Pediatric patients with cystic fibrosis present a special challenge to surgeons.  Here are some considerations gathered from literature and clinical experience.


  • Chronic antibiotic may mask the classic signs and symptoms of appendicitis.
  • The normal appendix may be larger in CF patients than other patient populations
  • Incidence of perforated appendix at time of diagnosis higher than for general population


Fibrosing Colonopathy

  • Result of colonic strictures and classically associated with high strength pancreatic enzyme replacement.
  • Gross appearance of the affected colon: The lumen is thickened and narrow. The mucosa has an erythematous cobblestone appearance.
  • 89% required operation.

Rectal Prolapse

  • 6% incidence in this series, but reported to occur in up to 23% of the CF population.
  • Occurs most commonly between the ages of 6 months to 3 years.
  • Most managed conservatively by manual reduction.
  • Surgical repair may be indicated for significant bleeding, incarcerated prolapse, severe pain, or failure of medical management.
  • Management consists of controlling the stool consistency and avoiding straining.


  • High incidence of inguinal hernia in the CF population.
  • Chronic cough and poor nutrition may contribute
  • Recurrence rate may be higher than general population

Thoracic Procedures

  • Tube thoracostomy or pleurodesis for pneumothorax, lobar or wedge resection for bronchiectasis, and lung transplantation.
  • Avoid talc pleurodesis if lung transplant anticipated
  • High mortality rate in CF patients with pneumothorax, and high prevalence of history of pneumothorax in those patients who died.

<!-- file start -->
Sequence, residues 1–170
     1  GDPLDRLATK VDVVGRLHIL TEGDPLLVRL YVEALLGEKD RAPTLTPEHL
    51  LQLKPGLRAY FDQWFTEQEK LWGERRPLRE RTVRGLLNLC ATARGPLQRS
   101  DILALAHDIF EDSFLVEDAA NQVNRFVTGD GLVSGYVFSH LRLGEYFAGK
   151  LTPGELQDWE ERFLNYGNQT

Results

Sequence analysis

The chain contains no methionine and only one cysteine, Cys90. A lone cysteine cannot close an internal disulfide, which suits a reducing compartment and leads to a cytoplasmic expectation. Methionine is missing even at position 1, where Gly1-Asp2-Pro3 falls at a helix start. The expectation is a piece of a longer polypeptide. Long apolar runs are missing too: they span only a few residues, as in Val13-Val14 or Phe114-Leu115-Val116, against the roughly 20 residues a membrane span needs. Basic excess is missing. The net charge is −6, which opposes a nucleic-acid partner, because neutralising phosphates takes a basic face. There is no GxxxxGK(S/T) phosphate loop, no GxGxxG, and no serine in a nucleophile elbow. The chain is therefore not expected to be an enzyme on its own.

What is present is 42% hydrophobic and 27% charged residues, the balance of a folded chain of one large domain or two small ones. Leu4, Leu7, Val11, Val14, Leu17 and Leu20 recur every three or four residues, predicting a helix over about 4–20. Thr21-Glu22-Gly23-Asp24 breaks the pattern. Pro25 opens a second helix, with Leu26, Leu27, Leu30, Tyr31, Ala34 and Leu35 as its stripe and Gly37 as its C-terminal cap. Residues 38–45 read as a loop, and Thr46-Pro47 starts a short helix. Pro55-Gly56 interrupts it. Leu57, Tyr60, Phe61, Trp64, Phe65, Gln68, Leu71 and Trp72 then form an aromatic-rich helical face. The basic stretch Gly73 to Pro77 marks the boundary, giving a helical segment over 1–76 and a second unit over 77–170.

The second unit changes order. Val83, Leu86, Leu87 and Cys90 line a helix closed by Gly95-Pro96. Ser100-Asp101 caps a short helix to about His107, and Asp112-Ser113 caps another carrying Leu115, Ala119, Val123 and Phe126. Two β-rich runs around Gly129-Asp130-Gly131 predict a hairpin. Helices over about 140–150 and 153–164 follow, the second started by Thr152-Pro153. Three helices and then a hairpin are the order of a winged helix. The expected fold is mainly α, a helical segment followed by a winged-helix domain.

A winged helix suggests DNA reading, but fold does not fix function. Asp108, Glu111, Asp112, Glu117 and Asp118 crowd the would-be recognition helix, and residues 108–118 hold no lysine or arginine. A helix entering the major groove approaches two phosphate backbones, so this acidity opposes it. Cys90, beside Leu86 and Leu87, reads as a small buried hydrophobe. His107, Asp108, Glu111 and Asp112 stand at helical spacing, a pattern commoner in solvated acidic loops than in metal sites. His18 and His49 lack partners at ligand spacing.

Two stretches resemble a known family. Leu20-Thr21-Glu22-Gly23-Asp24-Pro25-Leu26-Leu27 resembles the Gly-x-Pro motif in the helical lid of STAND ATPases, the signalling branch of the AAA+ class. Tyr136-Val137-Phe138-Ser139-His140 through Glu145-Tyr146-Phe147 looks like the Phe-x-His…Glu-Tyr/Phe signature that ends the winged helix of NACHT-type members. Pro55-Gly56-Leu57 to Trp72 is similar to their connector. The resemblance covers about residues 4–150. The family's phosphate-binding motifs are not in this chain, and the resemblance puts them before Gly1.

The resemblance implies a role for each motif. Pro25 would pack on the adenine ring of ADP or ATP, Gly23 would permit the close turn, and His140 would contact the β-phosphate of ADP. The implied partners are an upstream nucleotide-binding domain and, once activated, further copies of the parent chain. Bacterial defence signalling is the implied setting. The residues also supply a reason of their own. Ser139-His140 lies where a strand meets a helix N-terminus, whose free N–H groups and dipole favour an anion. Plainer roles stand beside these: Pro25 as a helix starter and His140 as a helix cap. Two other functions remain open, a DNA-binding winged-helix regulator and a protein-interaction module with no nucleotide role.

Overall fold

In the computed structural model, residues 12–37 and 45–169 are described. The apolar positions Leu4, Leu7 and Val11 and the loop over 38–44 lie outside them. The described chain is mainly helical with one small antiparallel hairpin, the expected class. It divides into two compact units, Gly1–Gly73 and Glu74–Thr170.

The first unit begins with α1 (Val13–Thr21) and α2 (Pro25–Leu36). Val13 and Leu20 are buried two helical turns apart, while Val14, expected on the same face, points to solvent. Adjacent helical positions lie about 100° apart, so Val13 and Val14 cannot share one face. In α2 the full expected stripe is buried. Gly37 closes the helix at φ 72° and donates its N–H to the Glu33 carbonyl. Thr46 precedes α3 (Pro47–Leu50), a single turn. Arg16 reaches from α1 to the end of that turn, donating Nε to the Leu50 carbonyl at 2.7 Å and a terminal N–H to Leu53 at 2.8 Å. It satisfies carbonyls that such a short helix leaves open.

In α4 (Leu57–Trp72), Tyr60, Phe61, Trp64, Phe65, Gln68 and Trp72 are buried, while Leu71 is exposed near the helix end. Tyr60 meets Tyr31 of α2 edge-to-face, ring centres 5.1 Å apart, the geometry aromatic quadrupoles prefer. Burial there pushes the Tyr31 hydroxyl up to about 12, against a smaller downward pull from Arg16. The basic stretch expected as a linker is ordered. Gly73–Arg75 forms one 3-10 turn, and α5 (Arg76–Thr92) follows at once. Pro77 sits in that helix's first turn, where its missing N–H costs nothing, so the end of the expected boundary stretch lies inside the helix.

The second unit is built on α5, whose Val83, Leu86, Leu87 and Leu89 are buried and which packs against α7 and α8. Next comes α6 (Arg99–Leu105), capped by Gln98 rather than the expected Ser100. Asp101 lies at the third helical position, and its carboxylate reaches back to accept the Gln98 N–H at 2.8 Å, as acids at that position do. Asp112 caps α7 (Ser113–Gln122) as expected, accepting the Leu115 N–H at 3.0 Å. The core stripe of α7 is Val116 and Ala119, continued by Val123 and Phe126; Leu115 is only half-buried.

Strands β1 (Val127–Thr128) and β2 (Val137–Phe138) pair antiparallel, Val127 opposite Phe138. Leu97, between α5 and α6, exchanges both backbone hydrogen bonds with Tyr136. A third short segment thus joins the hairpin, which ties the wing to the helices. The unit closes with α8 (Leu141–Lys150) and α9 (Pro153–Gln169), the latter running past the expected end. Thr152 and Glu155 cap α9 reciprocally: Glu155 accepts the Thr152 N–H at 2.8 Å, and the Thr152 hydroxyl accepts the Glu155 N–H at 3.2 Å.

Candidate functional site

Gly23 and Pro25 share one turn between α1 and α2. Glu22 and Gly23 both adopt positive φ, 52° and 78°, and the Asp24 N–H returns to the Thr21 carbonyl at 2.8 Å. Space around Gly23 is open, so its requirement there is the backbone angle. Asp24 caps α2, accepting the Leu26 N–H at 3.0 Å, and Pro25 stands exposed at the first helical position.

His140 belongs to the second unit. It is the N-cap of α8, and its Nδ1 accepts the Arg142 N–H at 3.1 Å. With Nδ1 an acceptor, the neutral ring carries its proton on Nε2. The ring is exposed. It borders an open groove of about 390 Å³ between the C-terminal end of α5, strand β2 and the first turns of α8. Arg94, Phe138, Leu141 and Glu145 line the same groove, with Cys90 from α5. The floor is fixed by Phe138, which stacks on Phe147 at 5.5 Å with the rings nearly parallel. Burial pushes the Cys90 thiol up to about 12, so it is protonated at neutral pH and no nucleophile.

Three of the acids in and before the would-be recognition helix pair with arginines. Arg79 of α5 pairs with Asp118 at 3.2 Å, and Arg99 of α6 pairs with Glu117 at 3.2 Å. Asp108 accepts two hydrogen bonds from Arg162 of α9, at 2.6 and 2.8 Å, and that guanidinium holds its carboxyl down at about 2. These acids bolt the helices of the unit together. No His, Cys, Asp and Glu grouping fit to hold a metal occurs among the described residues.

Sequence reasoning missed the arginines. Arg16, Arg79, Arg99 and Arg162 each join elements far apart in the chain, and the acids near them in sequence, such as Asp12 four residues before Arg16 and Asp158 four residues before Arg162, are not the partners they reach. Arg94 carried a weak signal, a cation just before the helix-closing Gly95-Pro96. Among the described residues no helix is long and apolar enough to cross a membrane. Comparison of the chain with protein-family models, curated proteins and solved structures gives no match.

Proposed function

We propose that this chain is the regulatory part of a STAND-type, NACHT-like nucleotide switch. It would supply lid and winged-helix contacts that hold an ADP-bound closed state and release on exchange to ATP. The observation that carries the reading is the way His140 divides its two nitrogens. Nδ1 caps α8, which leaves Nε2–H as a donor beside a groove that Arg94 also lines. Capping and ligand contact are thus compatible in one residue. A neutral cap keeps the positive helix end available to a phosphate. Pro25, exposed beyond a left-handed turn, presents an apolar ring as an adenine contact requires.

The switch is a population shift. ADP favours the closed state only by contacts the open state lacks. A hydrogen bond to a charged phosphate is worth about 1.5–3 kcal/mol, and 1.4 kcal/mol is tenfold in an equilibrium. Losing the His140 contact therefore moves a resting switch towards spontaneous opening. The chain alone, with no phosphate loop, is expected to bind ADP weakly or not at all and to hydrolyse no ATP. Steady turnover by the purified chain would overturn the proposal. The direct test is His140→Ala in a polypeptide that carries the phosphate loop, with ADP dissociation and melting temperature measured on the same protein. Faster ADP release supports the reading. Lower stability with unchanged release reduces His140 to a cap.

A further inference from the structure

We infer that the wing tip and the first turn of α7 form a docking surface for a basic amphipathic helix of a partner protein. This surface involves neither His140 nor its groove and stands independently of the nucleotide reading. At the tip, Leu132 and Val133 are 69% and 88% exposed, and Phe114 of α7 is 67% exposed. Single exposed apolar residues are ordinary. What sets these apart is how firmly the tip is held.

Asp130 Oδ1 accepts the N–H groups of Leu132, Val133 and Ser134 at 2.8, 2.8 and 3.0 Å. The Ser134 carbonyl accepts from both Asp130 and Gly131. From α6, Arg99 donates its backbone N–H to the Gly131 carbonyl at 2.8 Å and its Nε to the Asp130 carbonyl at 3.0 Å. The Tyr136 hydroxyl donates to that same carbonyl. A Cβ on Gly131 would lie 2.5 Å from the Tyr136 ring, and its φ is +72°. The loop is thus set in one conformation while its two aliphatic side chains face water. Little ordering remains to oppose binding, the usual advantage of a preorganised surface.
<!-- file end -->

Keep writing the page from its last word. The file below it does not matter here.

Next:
• Lung transplant only therapy available for those with end stage lung disease.
  • The donor lung does not carry the CF gene.
  • Mortality rates changing rapidly.  Check with lung transplant website for current rate.

GERD with Aspiration

  • May aggravate poor weight gain and adversely affect pulmonary function, and may account for the high incidence of CF lung disease in RLL
  • Theophylline worsens GER
  • GER is present in about 81% in patients younger than 5 years old.
  • Children unresponsive to conservative therapy should consider fundoplication
  • Gastrostomy tube placement may improve nutrition


  • Occurs in about 1% of patients with CF.
  • Average age 9.5 years old
  • this is very different from the general pediatric population (age 6-18 months)
  • Abnormally thick stools adhere to the bowel wall and may act as a lead point.

Multi-disciplinary Approach to Care

  • Pediatric Surgeons
  • Pediatric Pulmonologists with interest in CF
  • Critical care specialists
  • Respiratory care specialists
  • Nutrition support specialists
  • Improved antibiotic and pancreatic enzyme therapy.